When the amateur court theatre was replaced by professional actors in 1783, she continued to sing and act in informal settings. She also began to teach singing and took up writing and art. She formally withdrew from all court performing in 1788. She became friends with Friedrich Schiller during those years, whose poems she later set to music. Unfortunately, these lieder are lost, as are her two dramas, hundreds of arias and duets, and an autobiography given to Goethe in 1778. However, two collections of lieder were published by her, the first in 1786, followed by another in 1794, thus surviving into the present time. The first collection, which contains her rendition of Der Erlkönig from Goethe's play, was more popular than the second, probably due to its simpler nature: the second contained many songs in French and Italian. These two collections are some of the first and largest publications of lieder by a woman. When the first collection was released, Schröter had this to say about her work:
I have had to overcome much hesitation before I seriously made the decision to publish a collection of short poems that I have provided with melodies.
A certain feeling towards propriety and morality is stamped upon our sex, which does not allow us to appear alone in public, and without an escort: Thus, how can I otherwise present this, my musical work to the public, than with timidity?
For the complimentary opinions and the encouragement of a few persons… can easily be biased out of pity.
The work of any lady, moreover, will indeed arouse similar pity to some extent in the eyes of other experts.


A review of this first collection said that Schröter's abilities for composing were not equal to her potential. The reviewer felt that the songs had much spirit in them, but were not written in a way that brought this out. He did say that the performances of these pieces were helpful to understanding the depth of them. Ultimately, he blamed this deficiency on her lack of education, a real problem for women in this period of time.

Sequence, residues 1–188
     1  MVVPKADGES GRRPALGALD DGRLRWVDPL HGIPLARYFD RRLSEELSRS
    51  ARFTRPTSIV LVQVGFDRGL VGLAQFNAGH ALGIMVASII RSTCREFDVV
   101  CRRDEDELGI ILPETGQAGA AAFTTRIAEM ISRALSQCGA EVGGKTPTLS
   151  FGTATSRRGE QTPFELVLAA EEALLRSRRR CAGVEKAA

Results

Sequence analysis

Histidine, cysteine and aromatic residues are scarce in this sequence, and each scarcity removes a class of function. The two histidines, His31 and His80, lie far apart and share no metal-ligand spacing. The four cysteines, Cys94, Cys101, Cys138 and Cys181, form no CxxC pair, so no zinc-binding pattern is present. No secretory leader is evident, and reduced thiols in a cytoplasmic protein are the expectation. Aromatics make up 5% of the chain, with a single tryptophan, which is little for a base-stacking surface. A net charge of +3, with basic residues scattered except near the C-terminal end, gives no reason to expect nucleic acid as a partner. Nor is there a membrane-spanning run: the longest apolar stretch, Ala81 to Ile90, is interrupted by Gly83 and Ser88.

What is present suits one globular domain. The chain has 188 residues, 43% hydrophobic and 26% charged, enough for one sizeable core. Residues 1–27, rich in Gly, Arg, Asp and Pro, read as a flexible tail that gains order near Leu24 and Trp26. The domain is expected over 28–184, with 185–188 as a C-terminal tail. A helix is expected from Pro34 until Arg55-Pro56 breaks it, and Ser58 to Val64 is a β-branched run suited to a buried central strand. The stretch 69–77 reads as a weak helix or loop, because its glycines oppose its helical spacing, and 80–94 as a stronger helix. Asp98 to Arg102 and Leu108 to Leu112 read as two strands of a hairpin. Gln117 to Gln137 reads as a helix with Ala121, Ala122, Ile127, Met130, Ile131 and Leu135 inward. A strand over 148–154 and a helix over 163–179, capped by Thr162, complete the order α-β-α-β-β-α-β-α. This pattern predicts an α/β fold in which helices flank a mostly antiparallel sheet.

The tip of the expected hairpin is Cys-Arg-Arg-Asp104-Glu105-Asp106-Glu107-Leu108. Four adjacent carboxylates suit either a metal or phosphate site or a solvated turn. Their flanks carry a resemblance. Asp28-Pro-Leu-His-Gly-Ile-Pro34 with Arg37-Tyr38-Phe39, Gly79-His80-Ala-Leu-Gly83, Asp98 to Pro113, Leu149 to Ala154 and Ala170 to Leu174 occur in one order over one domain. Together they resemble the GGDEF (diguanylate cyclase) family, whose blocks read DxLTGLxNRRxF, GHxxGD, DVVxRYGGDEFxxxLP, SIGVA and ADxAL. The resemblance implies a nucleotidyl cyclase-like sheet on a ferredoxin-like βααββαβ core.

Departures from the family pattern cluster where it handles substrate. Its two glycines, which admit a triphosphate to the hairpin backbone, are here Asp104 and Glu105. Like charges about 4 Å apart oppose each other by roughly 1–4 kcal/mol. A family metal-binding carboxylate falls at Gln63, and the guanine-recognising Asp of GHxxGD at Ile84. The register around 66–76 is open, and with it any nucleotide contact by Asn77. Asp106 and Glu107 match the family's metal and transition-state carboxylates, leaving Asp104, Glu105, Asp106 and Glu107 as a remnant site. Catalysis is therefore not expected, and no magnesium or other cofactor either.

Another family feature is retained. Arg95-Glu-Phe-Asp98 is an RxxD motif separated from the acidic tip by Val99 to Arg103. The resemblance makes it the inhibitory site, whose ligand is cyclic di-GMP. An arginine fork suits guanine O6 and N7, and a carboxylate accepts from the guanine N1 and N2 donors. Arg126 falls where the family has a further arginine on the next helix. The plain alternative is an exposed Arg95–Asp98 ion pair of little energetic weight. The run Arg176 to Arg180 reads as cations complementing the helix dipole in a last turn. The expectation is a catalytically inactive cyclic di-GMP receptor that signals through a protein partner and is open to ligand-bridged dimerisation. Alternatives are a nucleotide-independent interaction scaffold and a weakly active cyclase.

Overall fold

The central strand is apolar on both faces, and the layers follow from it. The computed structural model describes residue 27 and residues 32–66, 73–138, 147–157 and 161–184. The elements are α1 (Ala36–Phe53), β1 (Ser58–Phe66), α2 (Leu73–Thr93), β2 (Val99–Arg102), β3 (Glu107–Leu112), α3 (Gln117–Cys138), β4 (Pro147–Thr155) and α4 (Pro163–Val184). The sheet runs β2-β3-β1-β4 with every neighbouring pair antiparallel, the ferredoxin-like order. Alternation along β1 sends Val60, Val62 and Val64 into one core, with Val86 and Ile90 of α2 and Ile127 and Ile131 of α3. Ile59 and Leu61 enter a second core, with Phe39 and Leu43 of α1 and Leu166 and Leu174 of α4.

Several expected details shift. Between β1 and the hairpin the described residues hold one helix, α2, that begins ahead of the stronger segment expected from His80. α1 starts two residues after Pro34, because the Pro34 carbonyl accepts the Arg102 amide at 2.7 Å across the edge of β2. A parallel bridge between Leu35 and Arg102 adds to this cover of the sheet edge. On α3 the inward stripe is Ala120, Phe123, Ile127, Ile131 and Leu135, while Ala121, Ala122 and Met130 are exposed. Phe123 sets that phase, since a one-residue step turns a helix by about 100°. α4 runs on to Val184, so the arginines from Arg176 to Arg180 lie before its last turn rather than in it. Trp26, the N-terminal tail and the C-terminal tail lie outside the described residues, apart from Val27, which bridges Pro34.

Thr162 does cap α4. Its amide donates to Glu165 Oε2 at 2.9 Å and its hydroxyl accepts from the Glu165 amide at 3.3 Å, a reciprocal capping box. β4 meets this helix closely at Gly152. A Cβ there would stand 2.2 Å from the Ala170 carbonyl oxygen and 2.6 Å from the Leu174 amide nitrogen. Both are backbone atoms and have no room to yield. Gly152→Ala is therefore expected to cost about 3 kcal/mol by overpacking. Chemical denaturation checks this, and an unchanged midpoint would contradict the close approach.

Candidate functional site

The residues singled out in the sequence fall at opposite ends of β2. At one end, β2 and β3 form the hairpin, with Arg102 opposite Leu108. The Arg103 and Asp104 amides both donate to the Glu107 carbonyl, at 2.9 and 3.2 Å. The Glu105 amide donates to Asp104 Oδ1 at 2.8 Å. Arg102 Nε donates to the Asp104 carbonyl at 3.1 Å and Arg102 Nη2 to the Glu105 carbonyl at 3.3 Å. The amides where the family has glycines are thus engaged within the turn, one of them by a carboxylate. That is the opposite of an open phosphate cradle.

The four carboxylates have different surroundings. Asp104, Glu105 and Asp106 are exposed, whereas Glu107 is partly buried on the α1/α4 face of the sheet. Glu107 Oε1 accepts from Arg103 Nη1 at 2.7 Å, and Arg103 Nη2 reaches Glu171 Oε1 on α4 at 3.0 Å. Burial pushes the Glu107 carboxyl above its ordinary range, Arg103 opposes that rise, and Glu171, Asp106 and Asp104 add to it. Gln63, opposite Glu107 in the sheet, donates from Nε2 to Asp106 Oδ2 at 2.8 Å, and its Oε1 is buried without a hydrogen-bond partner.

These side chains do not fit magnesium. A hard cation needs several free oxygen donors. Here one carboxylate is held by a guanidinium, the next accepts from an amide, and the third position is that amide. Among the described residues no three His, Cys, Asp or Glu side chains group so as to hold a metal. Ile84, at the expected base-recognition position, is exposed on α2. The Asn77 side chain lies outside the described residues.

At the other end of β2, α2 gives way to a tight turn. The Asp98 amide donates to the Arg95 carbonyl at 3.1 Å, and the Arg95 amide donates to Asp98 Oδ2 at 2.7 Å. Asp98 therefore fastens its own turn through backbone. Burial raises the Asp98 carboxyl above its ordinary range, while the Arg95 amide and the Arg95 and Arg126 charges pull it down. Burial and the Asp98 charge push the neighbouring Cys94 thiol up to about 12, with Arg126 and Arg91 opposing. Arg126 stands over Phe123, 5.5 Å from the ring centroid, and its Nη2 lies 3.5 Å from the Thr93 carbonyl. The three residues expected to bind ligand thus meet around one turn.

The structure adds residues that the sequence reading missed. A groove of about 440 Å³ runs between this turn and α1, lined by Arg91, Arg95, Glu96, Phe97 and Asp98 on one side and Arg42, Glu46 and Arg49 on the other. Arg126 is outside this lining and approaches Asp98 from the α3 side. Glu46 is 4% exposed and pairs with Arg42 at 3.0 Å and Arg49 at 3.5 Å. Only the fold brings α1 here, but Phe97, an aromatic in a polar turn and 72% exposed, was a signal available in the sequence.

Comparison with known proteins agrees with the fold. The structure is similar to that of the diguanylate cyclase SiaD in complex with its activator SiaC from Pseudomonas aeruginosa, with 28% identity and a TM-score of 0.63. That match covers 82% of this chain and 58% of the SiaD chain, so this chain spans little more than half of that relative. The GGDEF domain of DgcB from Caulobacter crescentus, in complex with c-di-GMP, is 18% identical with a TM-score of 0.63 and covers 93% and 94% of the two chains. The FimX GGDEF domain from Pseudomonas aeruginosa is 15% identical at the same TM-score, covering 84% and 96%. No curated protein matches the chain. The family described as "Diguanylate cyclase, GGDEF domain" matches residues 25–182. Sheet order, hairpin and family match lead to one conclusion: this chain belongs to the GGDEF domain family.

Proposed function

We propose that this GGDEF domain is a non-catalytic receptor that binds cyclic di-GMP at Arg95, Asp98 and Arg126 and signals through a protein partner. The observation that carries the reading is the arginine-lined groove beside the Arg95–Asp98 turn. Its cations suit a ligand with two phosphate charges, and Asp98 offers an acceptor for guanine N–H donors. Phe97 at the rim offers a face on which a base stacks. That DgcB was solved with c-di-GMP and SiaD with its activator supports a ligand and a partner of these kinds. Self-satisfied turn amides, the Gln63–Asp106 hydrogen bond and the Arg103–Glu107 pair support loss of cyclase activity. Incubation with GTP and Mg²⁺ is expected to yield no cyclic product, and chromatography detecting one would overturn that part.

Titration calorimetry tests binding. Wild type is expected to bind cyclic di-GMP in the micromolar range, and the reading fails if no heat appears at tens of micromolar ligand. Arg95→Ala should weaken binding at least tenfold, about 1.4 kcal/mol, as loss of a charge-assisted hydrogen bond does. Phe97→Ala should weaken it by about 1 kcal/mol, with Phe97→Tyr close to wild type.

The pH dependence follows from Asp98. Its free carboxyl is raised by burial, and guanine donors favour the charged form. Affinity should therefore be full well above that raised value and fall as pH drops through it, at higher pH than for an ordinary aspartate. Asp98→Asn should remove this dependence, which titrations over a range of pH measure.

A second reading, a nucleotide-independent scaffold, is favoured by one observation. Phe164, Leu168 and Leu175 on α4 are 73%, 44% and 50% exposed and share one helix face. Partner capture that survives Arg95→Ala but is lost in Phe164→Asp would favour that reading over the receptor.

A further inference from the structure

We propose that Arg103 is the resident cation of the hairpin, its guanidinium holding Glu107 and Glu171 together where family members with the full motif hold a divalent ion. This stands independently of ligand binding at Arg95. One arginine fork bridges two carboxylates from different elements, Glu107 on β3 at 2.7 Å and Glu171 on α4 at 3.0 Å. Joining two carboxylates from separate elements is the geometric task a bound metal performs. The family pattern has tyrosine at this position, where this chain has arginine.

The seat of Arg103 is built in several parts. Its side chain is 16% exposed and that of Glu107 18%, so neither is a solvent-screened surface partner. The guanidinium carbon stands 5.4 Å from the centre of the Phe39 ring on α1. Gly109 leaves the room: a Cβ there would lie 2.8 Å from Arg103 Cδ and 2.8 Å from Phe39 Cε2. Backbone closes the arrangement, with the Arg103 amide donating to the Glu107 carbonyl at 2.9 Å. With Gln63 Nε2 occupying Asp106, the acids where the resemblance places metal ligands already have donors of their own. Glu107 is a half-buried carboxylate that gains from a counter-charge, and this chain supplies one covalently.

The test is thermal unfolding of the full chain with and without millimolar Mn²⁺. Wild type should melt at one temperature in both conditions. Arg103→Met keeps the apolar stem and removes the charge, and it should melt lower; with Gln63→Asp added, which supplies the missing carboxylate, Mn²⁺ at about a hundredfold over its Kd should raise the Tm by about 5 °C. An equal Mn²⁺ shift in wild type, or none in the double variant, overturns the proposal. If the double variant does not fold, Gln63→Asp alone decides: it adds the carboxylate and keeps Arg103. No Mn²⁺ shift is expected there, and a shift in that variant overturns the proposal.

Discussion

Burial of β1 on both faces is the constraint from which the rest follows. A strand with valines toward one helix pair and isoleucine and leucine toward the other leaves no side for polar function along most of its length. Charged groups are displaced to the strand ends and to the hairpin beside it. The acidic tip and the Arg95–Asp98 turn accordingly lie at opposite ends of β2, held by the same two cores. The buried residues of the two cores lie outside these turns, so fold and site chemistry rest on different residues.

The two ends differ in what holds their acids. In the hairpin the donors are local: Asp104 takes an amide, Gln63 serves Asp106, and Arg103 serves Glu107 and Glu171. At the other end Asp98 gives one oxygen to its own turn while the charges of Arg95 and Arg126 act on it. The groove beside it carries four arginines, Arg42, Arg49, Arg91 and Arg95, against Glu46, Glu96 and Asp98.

Corona Schröter was also immortalized in other ways. In 1782, during a eulogy for a deceased theatre director, Goethe praised her for her help in shaping theatre in Weimar, and himself. Seven years earlier, a work about theatre history was dedicated to her due to her well-known abilities.

She spent the last eight years of her life teaching acting and singing. However, lung and respiratory problems forced her to move from Leipzig to Ilmenaumarker with her long-time friend Wilhemine Probst in 1801. Her condition was so serious that she never recovered and died there a year later.

Notes

  1. Grove


References

  • Citron, Marcia J. "Women and the Lied, 1775-1850" in Women Making Music, Jane Bowers and Judith Tick (eds). Chicago: University of Illinoismarker, 1986. pp. 227-234
  • Goertzen, Valerie Woodring. The 18th Century, in From Convent to Concert Hall, Sylvia Glickman and Martha Furman (eds). Westport: Greenwood, 2003. pp. 104-105
  • Jackson, Barbara Garvey. "Musical Women of the 17th and 18th Centuries" in Women and Music: A History, Karin Pendle (ed.). Bloomington: Indiana University Press, 2001. pp. 129-130.
  • Kidd, Ronald R, "Schröter [Schroeter, Schroeder]. (2) Corona Elisabeth Wilhemine Schröter." Grove Music Online, L. Macy (ed.) (accessed January 29, 2007), grovemusic.com, subscription access.
  • Women in Music, Carol Neuls-Bates (ed.). Boston: Northeastern University Press, 1996.



Embed code:
Advertisements






Got something to say? Make a comment.
Your name
Your email address
Message